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April 2013 Archives

Nation, North Carolina commemorate workplace fatalities

On April 28, workplace safety advocates throughout the country -- including North Carolina -- addressed the issue of on-the-job fatalities. According to reports from the Bureau of Labor statistics, the rate of worker deaths was unchanged between 2010 and 2011. This news may be disappointing, as safety conditions in certain industries haven't improved year over year.

Lawmakers seek to modify proposed N.C. immigration bill

Greensboro is home to many hardworking, active individuals. While some of those people have lived in the city all of their lives, others have come from outside of the country, risking the challenges of immigration in order to find better lives. Their ability to contribute to the successes of Greensboro and North Carolina as a whole is threatened each time the state seeks to modify its stance toward non-residents.

North Carolina fatal workplace accidents reflect changing economy

Based on statistics gathered over the last 6 1/2 years, the number of workplace fatalities in North Carolina is on the decline. This is great news for workers who simply want to want to stay safe and earn a living for themselves and their families. This trend may not only be an indication of increased workplace safety compliance, but also a sign that the state's economy is moving away from dangerous industrial occupations.

Proposed North Carolina law would permit immigration checks

In the last few weeks, the federal government in Washington D.C. has been actively working on revising immigration laws. While any changes at the national level would impact the possibility of gaining citizenship for immigrants in North Carolina, state level legislation may pose a greater day-to-day impact on the lives of those seeking legal citizenship in this country.

Injuries sustained during work trips not immune from compensation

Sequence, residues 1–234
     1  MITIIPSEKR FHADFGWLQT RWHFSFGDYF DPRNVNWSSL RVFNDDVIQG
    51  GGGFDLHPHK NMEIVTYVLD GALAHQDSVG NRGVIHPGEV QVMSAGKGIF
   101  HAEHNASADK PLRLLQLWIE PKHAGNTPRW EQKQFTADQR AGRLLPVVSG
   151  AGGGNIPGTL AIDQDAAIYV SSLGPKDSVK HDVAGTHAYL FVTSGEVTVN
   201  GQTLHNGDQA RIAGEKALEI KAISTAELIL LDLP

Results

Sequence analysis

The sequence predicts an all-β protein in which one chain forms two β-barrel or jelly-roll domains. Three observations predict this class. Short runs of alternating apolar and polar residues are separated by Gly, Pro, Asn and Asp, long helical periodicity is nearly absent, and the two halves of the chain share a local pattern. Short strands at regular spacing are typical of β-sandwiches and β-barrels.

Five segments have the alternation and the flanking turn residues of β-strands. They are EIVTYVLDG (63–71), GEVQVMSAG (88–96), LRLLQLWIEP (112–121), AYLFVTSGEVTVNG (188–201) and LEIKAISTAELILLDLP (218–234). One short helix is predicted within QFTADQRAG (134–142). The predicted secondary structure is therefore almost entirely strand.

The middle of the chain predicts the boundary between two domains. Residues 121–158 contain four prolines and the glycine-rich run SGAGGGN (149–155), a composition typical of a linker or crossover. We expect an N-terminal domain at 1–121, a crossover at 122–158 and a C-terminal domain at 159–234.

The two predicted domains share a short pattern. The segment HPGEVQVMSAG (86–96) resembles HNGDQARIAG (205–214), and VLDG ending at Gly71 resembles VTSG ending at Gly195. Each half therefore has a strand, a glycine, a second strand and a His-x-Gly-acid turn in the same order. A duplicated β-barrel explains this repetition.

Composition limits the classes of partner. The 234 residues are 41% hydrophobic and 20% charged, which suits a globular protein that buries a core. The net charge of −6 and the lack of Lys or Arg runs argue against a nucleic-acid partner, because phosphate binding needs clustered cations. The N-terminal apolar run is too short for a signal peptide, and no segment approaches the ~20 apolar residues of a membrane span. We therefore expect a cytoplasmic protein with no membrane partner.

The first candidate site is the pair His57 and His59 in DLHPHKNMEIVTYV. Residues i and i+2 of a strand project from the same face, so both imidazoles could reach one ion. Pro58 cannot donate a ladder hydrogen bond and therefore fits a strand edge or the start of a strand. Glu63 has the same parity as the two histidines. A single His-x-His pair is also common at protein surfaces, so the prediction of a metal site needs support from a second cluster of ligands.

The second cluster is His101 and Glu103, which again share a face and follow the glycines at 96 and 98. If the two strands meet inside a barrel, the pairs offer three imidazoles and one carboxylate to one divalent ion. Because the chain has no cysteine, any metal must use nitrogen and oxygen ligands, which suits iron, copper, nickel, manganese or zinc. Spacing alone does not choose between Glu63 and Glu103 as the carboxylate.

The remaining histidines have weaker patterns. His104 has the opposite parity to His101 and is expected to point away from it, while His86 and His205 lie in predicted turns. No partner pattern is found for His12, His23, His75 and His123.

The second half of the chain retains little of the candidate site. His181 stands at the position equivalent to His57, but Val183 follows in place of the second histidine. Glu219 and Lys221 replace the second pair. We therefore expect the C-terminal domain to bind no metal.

As we've previously discussed on this blog, defining what does and doesn't qualify as "on the job" is a point of contention in many workers' compensation disputes. If a person is injured while in the normal course of the workday, cases might be easier to work through. However, some situations land in a legal gray area, which was the situation in a recent North Carolina work-related injury case.

New American citizens in North Carolina focus on family

Across the nation, thousands of international citizens are diligently working toward becoming naturalized Americans. Just last week, fifty-one such individuals realized their dreams as they took the Oath of Allegiance to the United States of America in Charlotte. While many expressed happiness for their personal accomplishments, others turned their focus toward reuniting with loved ones through family immigration.

What caused explosion at North Carolina mill that injured worker?

Emergency officials recently responded to a three-alarm fire at a flour mill in North Carolina. When they arrived at the scene, they discovered that an explosion had resulted in a workplace injury. As a result, one man was rushed to a hospital for treatment.

North Carolina officials to change young immigrants' licenses

People coming to this country to start a new life in a new land face many obstacles. Financial difficulties, language challenges and immigration rules all face those brave enough to come to the United States to build a life. Recently, North Carolina made a change to one relatively small but important challenge to young immigrants.

Long-term workplace illnesses remain in OSHA's blind spot

One North Carolina woman found herself in a bind: The job that was helping make ends meet was also making her very ill. As a person with a high school diploma, working in the furniture manufacturing industry was one of the only ways she could find a job that paid above minimum wage. However, the adhesive chemicals her employer used to assemble couch cushions was making the woman -- and many of her coworkers -- lose neurological and motor function.

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